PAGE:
There is another world, but it is in this one.

Paul Eluard. Œuvres complètes, vol. 1, Gallimard, 1968.

Saturday, October 16, 2021

The Silence by Tim Lebbon (2015, Titan Books)

The quiet earth


The Silence (2015) is a brief, enjoyable doomsday horror adventure.


This type of novel usually breaks down in three parts. My favorite is invariably the first section: characters introduced, points of view established, small peripheral intimations of trouble and rumors of trouble. Crises quickly develop, emergency services and experts are overwhelmed, and our protagonists must work together to find safety, all the while being picked-off as remorselessly as Agatha Christie dinner guests.


Lebbon alternates point-of-view between a father and his deaf teen daughter. The daughter Ally's sections are first person; those focusing on Huw, the dad, are written in third-person.


Additionally, Lebbon heads each chapter with select transcripts from Twitter or newscasts to provide a third viewpoint.


Lebbon begins chapter six:


     There is evidence that the spread of the creatures popularly known as "vesps" is slowing. Contact has been made with all affected governments, and policies put in place. Great Britain is as prepared as it can be, and we have one distinct advantage over our European neighbours—we are an island. There is no evidence of the infestation crossing large bodies of water. Our message to you at this time is as follows:

     1. Do not leave home. Mass migration is not the answer, and may impede the ability of military or emergency personnel to travel where required.

     2. Continue monitoring the BBC News channels—television, online, and radio—through which all government statements will be released.

     3. Do not panic. All necessary measures are being taken to combat the threat.

     BBC News Emergency Broadcast, Friday, 18 November 2016 (repeated hourly)



     What a heap of fucking shit.

     BBC Newscaster, Friday, 18 November 2016 (her final broadcast)


Lebbon  contextualizes the crisis without omniscient authorial intrusion. Every generalization, false step, and estimate of a situation flows from character.


One of the most compelling early scenes takes place on the last day of school:


     My first lesson was geography. I always enjoyed the lesson, and liked even more that I got to sit next to Rob. But as soon as I saw him I knew that something was wrong.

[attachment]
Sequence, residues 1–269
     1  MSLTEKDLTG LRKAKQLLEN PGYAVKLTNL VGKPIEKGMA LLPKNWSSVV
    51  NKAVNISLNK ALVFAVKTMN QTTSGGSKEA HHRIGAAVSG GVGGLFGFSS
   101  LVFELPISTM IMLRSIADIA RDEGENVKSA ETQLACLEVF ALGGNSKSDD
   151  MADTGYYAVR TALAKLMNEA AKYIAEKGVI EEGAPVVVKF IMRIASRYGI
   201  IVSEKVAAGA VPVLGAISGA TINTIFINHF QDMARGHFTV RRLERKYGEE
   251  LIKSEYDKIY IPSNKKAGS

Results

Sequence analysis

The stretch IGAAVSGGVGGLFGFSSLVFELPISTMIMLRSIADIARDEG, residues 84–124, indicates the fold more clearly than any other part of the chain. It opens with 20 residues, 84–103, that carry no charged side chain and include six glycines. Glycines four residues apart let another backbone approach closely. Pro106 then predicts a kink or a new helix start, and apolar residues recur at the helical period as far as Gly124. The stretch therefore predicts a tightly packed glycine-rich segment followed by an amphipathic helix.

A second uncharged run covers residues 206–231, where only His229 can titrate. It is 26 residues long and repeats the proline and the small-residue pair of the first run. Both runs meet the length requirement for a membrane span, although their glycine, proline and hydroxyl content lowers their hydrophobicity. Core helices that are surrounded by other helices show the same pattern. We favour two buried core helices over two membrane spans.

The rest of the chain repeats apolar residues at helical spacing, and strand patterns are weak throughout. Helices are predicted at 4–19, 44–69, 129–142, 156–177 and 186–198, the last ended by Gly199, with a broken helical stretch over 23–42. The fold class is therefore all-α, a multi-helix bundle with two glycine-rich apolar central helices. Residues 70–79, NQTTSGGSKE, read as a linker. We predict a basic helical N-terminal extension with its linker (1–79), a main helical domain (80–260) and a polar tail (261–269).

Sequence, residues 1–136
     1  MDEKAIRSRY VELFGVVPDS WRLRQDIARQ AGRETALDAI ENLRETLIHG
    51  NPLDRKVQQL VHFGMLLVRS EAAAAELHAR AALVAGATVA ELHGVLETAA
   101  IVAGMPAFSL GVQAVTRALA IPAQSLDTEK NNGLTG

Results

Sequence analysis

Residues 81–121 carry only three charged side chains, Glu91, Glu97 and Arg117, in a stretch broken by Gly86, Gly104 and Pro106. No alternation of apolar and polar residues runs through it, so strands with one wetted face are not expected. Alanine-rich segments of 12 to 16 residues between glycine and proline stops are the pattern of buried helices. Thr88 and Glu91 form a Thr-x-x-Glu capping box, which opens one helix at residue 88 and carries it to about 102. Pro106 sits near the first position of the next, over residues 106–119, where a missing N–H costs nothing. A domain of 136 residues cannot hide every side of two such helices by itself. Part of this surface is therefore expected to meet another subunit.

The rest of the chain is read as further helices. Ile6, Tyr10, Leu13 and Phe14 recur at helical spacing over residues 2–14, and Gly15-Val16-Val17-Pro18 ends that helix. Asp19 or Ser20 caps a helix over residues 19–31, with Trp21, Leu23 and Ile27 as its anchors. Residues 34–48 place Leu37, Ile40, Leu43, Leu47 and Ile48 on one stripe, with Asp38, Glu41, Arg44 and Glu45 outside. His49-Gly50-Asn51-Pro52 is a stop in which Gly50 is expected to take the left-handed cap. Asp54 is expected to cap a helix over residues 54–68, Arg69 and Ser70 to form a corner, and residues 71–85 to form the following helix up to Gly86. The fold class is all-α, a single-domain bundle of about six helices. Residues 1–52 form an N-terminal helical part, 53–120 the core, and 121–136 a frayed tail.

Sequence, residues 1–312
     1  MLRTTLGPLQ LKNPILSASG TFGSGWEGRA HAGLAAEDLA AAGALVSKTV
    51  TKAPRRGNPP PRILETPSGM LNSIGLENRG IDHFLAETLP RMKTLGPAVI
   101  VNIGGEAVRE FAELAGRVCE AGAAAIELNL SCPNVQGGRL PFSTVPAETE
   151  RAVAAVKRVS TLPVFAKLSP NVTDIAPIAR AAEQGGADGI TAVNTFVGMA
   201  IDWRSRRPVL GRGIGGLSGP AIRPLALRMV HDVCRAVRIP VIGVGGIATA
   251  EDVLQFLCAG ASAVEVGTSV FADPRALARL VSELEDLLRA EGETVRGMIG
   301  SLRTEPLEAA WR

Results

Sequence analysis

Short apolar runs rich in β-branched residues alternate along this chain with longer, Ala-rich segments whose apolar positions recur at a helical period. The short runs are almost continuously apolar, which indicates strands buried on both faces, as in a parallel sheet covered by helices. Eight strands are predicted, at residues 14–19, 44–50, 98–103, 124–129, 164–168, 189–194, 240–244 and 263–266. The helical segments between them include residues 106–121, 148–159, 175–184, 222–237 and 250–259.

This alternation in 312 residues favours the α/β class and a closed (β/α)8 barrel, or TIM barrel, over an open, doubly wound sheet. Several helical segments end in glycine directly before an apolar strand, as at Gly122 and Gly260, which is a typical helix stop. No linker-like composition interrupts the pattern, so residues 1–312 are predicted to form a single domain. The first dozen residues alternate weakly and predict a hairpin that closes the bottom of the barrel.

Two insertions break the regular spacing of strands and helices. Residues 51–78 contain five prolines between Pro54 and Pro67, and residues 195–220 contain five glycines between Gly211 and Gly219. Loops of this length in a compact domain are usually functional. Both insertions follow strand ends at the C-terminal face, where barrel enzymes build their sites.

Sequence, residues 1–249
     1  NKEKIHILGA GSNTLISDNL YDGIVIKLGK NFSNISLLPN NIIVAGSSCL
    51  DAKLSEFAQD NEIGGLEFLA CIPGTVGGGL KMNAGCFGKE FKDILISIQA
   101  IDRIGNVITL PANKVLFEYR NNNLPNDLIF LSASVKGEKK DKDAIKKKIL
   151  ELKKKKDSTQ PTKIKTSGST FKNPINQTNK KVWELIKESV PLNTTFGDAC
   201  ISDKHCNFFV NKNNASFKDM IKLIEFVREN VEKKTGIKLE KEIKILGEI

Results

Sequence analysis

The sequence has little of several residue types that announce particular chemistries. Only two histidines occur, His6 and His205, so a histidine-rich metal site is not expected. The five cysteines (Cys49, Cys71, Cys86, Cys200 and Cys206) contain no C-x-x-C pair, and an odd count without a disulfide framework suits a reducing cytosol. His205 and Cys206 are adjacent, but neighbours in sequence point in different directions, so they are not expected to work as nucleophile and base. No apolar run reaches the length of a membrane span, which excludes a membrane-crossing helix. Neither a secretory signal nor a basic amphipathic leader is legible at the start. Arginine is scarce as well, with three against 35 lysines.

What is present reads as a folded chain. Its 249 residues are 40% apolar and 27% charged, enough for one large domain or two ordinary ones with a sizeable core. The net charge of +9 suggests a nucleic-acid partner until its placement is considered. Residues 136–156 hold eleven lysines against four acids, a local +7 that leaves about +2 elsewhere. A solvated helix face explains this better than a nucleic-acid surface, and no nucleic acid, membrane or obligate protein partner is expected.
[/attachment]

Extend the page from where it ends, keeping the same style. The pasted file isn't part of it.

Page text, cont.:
"What is it?" I signed. Sometimes I liked the fact that Rob and I could have secret conversations in the midst of a crowd.

     "That news," he replied. "The cave. Those weird things that came out of it. They've spread. It's all over the TV. And my cousin is in the army, based in Malta. He sent a text to his mum, she sent it to Dad, and he just forwarded it to me." He took out his phone and held it out to me. We weren't supposed to bring phones into the classrooms, but everyone did.

     I read the text on the screen:

     Been mobilised. Thing in Moldova bigger than they're saying.

     "Bloody hell," I said.

     Rob nodded. He was not his usual casual self. The frown did not suit him.

     "Sir?" I asked, hand raised.

     Mr Bellamy pointed to me and nodded. He was one of those who found it awkward, even uncomfortable, communicating with me. He was also a mumbler. I could barely see his lips moving, let alone read them, and he could not sign.

     "Can we talk about that thing in Moldova today?"

     Mr Bellamy smiled and spread his arms wide, said something, and most of the class turned to look at me. I glanced sidelong at Rob.

     "He said that's exactly what he was going to do anyway."

     I smiled at the teacher. He clapped his hands once and the class faced front again. He spoke to some of them, blinds were drawn, and one of the girls went to sit at the front of the class to work the computer. Mr Bellamy fussed with the remote control for the ceiling projector, then a square of flickering light appeared on the whiteboard.

     I prepared myself for another incomplete lesson. The teachers were great, and if they knew I wouldn't be able to follow a lesson completely—if, for instance, they were talking about a lot of stuff instead of displaying it all on whiteboards—they'd have a printout ready at the end of the period. I'd come to terms with the fact that my schooling took up about twenty per cent more time than my fellow pupils', because I spent an hour or two after coming home every evening reading printouts. If there was anything I didn't understand, the teachers were usually available during free lessons to help. Some were better than others, and Mr Bellamy was one of the few who found dealing with me problematic.

     The first image appeared on the whiteboard. It showed a cutaway section through a cave system, and I wondered if I was the first to notice what made it unique—there seemed to be no entrance.

     I could see Mr Bellamy starting to talk, and Rob tapped my arm. He started signing for me.

     "Let's start with a different cave to the one we saw on the news yesterday. Movile Cave in Romania was discovered by construction workers in 1986. They were drilling to assess whether the remote area was suitable for a new power station, broke through into an underground passage, and immediately sealed it up again. What scientists discovered when they ventured down was a cave system that had been cut off from the outside world for millions of years. What surprised them more was the unique ecosystem that existed down there. Apparently, it's an arachnophobe's worst nightmare." The class laughed. I focused on Rob's hands, his mouth, his facial expressions. I liked it when he signed for me; he became mine.